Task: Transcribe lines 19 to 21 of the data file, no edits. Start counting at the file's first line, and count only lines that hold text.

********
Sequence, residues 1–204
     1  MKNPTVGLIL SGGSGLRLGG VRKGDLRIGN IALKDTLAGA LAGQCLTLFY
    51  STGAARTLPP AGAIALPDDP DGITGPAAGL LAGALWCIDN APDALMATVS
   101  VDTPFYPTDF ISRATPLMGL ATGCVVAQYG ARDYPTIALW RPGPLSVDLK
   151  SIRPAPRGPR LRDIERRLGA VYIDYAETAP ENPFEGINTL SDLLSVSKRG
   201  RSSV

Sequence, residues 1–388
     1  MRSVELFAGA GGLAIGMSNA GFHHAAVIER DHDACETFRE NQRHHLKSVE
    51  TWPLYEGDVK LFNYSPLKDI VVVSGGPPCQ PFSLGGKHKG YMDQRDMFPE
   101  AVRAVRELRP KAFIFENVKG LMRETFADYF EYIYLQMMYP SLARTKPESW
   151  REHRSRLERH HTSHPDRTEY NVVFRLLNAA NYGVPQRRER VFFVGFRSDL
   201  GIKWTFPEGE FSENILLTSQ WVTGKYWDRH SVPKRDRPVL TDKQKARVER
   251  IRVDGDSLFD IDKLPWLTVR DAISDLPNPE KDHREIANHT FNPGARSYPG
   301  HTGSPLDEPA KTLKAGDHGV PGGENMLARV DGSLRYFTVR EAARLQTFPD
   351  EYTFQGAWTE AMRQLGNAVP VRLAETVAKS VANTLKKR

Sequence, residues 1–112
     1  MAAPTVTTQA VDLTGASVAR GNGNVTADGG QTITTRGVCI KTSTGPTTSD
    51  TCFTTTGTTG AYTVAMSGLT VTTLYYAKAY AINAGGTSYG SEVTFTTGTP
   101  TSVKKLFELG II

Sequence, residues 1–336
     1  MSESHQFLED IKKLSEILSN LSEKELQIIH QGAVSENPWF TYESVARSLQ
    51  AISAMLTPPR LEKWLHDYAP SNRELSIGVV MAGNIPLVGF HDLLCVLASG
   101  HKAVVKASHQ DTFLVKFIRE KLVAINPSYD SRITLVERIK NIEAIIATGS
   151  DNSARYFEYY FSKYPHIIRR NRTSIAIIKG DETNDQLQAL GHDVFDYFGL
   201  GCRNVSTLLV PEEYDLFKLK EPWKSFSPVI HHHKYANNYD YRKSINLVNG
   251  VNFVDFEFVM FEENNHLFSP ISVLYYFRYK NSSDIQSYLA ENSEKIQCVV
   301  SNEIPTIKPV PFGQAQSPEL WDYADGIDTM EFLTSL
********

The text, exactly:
   101  TSVKKLFELG II

Sequence, residues 1–336
     1  MSESHQFLED IKKLSEILSN LSEKELQIIH QGAVSENPWF TYESVARSLQ